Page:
Logistics routes linking the GMS countries have been mapped out with support from development institutions such as the ADB. One of the most widely promoted is the East-West Economic Corridor, a road stretching 1,450 kilometres from the port city of Mawlamyine in Myanmar. It travels east through the Thai provinces of Tak, Sukhothai, Phitsanulok, Phetchabun, Khon Kaen, Kalasin and Mukdahan, enters Laos at Savannakhet and continues into the Vietnamese provinces of Quang Tri, Hue and Da Nang at its eastern terminus.
However, at the moment "it barely has any potential. There is no supply chain," cautioned Mr Nuttavudh. "There is nothing apart from beautiful scenery along the route. Da Nang doesn't have a deep-sea port, so it can't be promoted for anything except tourism."
Ms Oranooch said that infrastructure, especially deep-sea ports in Myanmar and Vietnams, as well as streamlined border-transit regulations in Thailand and Myanmar, would be the priorities for strengthening the East-West corridor.
However, she believes that even more potential exists in the Southern Economic Corridor, along Asean Highway 1 connecting Bangkok, Phnom Penh and Ho Chi Minh City.
"All the routes in the economic corridors have been agreed on among the six GMS countries," she said. "So whether one agrees with them or not, they will have to follow the designated routes in order [for member countries] to pursue their investment and logistics plans."
The Southern Economic Corridor could be extended farther westward through Myanmar to Dawei, where a major industrial and port complex backed by Myanmar, Thailand and Japan is being developed.
As well, the ADB has approved US$110 million over the next five years for Cambodia to upgrade roads from Poi Pet to Phnom Penh in the first phase, followed by improvements from Phnom Penh to Ho Chi Minh City.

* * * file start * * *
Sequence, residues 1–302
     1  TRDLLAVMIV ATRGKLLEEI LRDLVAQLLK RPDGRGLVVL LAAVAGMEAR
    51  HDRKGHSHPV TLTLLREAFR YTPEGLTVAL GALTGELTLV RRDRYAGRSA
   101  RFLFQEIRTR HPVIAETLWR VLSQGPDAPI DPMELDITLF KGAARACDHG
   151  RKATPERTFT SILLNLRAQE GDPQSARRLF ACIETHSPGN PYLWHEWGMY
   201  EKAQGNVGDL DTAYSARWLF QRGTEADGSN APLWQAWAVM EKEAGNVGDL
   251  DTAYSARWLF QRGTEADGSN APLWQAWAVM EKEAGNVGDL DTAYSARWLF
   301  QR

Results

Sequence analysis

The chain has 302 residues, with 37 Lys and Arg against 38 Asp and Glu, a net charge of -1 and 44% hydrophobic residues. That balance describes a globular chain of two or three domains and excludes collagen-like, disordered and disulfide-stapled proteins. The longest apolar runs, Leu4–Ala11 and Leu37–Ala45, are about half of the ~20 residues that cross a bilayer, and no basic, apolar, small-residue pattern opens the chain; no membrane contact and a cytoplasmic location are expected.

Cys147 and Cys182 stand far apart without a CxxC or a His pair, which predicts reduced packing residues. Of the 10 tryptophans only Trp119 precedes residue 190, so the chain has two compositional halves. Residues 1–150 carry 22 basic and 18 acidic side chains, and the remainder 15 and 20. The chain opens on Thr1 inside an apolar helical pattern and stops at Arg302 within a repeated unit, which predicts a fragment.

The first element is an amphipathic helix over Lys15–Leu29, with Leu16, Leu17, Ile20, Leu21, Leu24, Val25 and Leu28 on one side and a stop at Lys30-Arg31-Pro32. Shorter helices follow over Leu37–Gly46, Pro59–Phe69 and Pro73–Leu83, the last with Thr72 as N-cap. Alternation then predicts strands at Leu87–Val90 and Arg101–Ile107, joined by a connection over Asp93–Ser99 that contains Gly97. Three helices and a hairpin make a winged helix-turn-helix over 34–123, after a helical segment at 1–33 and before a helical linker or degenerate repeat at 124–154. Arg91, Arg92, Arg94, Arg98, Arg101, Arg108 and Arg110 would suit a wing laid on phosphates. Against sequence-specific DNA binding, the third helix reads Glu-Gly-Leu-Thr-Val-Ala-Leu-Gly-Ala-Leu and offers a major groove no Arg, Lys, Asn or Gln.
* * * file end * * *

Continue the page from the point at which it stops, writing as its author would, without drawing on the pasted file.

Mr Nuttavudh agrees the Southern Corridor is an important strategic link with abundant economic and logistics potential. The route connects with Vietnam's largest deep-sea port in Ba Ria-Vung Tau province southeast of Ho Chi Minh City, giving access to the Far East. A link to Dawei would provide access to the Indian Ocean, South Asia, Africa, and onward to Europe.
"And Cambodia is geographically at the heart of all the activity," he added. "Take the automotive industry for example. Vehicle parts are manufactured in Vietnam and Cambodia, then assembled in Thailand. That's the value chain that the Southern Corridor can offer."
However, logistics efficiency in the economic corridors is still constrained, most notably by the inability of trucks to freely cross borders as the promoters of Asean connectivity would like to see. Smooth goods transfers cannot be ensured and too many toll fees are collected along the routes, according to Ms Oranooch.
Coastal shipping is more cost-effective while land routes are more suitable for transport of dangerous or perishable goods, she added.
The framework for Asean logistics connectivity gives each country a quota of 500 trucks to travel out of the country. Vietnam, Cambodia and Laos already authorise their trucks to run freely in and out of each other's jurisdiction. However, Thailand has yet to sign on because of regulatory inertia and local truck fleet operators' inability to agree on quota sharing. Agreement is also complicated by the fact that vehicles drive on the left side of the road in Thailand and on the right side in Indochina.
"Infrastructure conditions are not ready, while supply and demand (for the use of the routes) is not conspicuous. But if it can become a reality, it's a good infrastructure to have," Ms Oranooch said.
"Though [the economic corridors] have yet to actualise larger-scale GMS connectivity, at least they will help to promote economic growth domestically."
Compared with Thailand, she said, Cambodia was more aware of the utilisation of the planned GMS economic corridors and Asean connectivity, as evidenced by installation of "Asean Highway" signs.